A classic statement of the mentality of the men who fought the American Revolution, A Revolutionary People at War documents how the enthusiasm of the war’s early days, the “rage militaire” in Royster’s memorable phrase, waxed and waned during the brutal conflict as soldiers and civilians settled into an uneasy relationship often in danger of collapsing into anarchy or a military despotism as everyone feared. Royster seems to have read every scrap a soldier or officer produced across the war’s 8 years, and researching the book in the 1970s, he someone kept track of everything, deploying a deft quote time after time, without the aid of a computer. How?

By Charles Royster,

Why should I read it?

1 author picked A Revolutionary People At War as one of their favorite books, and they share why you should read it.

What is this book about?

In this highly acclaimed book, Charles Royster explores the mental processes and emotional crises that Americans faced in their first national war. He ranges imaginatively outside the traditional techniques of analytical historical exposition to build his portrait of how individuals and a populace at large faced the Revolution and its implications. The book was originally published by UNC Press in 1980.


Book cover of Becoming Men of Some Consequence: Youth and Military Service in the Revolutionary War

David Head Why did I love this book?

The men who fought the American Revolution were often young, in their teens and twenties, and the war coincided with their transition to adulthood, interrupting the traditional passage into beginning a career and forming a family. Ruddiman recaptures what it meant for the revolution to happen not just at a particular time in the nation’s history but at a particular time in the lives of the men who fought it. For officers, the war was an unmatched opportunity to enhance their social status because it cemented their reputation as gentlemen—especially when they really weren’t genteel by any other standard. It’s a reminder that status mattered a lot, even in an army fighting against aristocracy.

By John A. Ruddiman,

Why should I read it?

1 author picked Becoming Men of Some Consequence as one of their favorite books, and they share why you should read it.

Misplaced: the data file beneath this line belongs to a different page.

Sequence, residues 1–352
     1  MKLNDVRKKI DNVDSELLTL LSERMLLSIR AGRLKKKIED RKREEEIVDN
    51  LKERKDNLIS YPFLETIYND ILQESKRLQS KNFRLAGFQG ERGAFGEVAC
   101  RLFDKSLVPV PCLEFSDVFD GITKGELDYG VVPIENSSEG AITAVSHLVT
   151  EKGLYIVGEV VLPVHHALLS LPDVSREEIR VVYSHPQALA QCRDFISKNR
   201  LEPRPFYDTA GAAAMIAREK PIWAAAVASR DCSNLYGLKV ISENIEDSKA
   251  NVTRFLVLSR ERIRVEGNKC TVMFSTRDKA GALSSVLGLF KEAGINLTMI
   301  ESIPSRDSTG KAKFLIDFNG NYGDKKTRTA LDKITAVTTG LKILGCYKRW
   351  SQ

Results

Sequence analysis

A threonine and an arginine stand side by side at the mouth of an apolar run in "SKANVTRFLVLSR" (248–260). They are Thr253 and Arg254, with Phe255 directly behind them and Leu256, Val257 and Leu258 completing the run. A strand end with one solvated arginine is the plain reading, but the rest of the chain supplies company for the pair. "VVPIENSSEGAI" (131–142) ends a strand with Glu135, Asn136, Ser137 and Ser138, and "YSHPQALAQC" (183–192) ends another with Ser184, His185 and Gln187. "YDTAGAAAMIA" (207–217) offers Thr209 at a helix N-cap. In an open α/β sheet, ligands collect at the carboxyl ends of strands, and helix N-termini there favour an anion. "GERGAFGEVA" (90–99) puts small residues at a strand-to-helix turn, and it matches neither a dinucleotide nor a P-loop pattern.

What is this book about?

Young Continental soldiers carried a heavy burden in the American Revolution. Their experiences of coming of age during the upheavals of war provide a novel perspective on the Revolutionary era, eliciting questions of gender, family life, economic goals, and politics. ""Going for a soldier"" forced young men to confront profound uncertainty, and even coercion, but also offered them novel opportunities. Although the war imposed obligations on youths, military service promised young men in their teens and early twenties alternate paths forward in life. Continental soldiers' own youthful expectations about respectable manhood and their goals of economic competence and marriage not…


Book cover of Winding Down: The Revolutionary War Letters of Lieutenant Benjamin Gilbert of Massachusetts, 1780-1783

David Head Why did I love this book?

One of the most interesting people I met in my research was Benjamin Gilbert, a young officer from Massachusetts, whose letters were edited and published for the first time in 1989. Gilbert writes openly about the trials and tribulations of camp life, including his attempts to woo the daughters of local gentlemen—and his visits to houses of ill repute. On one furlough home, Gilbert got a girl pregnant, and a recurring storyline in the letters is his attempt to weasel out of marrying her. Though full of colorful details, there’s one major way Gilbert failed me as an author: he was present in camp during the climactic moment of the Newburgh Conspiracy—Washington’s speech to the officersbut he says nothing about what happened. Come on, Lieutenant Gilbert. Think of the historians!

By John Shy,

Why should I read it?

1 author picked Winding Down as one of their favorite books, and they share why you should read it.

What is this book about?

An eyewitness account of the end of the Revolutionary War


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The Forest Knights

By J. K. Swift,

Book cover of The Forest Knights

J. K. Swift Author Of Acre

New book alert!

Why am I passionate about this?

I love a good fight scene! It doesn’t need to be long and gruesome, but it must be visceral and make me nervous for those involved. Don’t get me wrong, I also love a good first-kiss scene but unfortunately, my past has made me more adept at recognizing and writing one over the other. I started training in martial arts at the age of nine and continued for thirty years. I don’t train much these days but I took up bowmaking a few years back and now spend a lot of time carving English longbows and First Nations’ bows. I recently also took up Chinese archery.

J. K.'s book list on with realistic fight scenes

What is my book about?

The greatest underdog story of the medieval age.

A wild land too mountainous to be tamed by plows. A duke of the empire, his cunning overshadowed only by his ambitions. A young priestess of the Old Religion, together with a charismatic outlaw, sparking a rebellion from deep within the forests. And an ex-Hospitaller caught between them all.

The Forest Knights

By J. K. Swift,

What is this book about?

A druid priestess enlists the help of an ex-Hospitaller warrior and a charismatic outlaw to fight Austrian tyranny in medieval Switzerland. A subtle blend of fantasy and history, ALTDORF (Book 1) tells the events leading up to one of the greatest underdog stories of the medieval age, the Battle of MORGARTEN (Book 2).


5 book lists we think you will like!

Interested in the American Revolution, civilization, and masculinity?